Diego Luna could make Emmy history for 'Star Wars'

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Diego Luna never thought his breakout role in Alfonso Cuarón's 2001 coming-of-age road film “Y tu Mamá También” (And Your Mother Too) would lead him to a starring role within the "Star Wars" franchise — as well as Hollywood awards buzz 22 years later.

As voting for Emmy nominations ends this weekend, the Mexican actor may be on the verge of making history with his acting performance as "Star Wars" revolutionary Cassian Andor in the Disney+ TV series "Andor."

The internationally acclaimed actor could become the first Latino nominated for best lead actor in a drama series since 1999 and just the second one ever to be recognized in the category.

Jimmy Smits, who is of Puerto Rican heritage, is the only Latino actor who has received Emmy nominations for best lead actor in a drama series. Smits was nominated five consecutive times for his role as Det. Bobby Simone on ABC’s “NYPD Blue” from 1995 to 1999.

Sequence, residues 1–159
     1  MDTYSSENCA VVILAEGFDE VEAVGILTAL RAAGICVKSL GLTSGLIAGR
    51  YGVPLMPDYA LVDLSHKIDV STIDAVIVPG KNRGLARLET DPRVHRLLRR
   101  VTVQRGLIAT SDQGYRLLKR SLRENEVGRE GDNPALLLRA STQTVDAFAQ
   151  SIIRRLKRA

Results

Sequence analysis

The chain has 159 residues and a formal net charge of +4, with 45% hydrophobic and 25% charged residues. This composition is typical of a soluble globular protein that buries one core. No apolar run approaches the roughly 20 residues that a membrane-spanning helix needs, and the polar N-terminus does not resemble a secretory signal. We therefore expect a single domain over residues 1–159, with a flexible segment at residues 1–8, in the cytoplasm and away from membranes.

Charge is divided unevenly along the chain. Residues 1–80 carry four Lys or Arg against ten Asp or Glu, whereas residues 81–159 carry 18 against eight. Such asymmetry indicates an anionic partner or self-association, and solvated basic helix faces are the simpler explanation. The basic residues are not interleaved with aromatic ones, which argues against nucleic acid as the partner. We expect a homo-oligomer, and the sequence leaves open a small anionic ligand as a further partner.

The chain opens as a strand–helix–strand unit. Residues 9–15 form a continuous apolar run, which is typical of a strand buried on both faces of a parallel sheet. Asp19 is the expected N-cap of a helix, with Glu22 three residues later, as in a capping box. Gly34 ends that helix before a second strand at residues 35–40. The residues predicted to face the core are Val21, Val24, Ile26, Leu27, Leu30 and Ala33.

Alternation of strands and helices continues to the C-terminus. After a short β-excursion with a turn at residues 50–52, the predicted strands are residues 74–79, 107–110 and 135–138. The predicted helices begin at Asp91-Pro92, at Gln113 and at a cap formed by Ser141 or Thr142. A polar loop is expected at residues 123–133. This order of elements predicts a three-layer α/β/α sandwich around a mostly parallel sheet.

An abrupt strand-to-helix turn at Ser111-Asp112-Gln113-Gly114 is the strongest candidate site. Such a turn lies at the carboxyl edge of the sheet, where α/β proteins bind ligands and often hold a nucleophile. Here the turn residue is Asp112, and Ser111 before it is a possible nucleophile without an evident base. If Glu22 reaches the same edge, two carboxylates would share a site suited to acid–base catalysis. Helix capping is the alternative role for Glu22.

If Emmy-nominated, Luna could also be the first-ever lead actor in a "Star Wars" series to do so.

“Andor,” which is currently eligible for awards, follows Cassian Andor’s personal journey to becoming a revolutionary during the early stages of a burgeoning rebellion against the oppressive regime of a fictitious Empire.

His role as Cassian Andor already earned Luna a Golden Globe nomination earlier this year — the first of his career — for best performance by an actor in a TV drama series. He was also the first actor from a “Star Wars” TV series to be nominated at the Golden Globes.

In a conversation with NBC News, Luna reflected on how an unlikely project can serve as a launching pad for bigger opportunities and why it was important to deglamorize the heroic Cassian Andor that audiences first met seven years ago.

His character was introduced into the "Star Wars" galaxy in the 2016 film “Rogue One,” making him the franchise’s first Latino lead. Last fall, fans got to see Luna peel back the layers of this rebel-hero-in-the-making during the prequel series, “Andor.”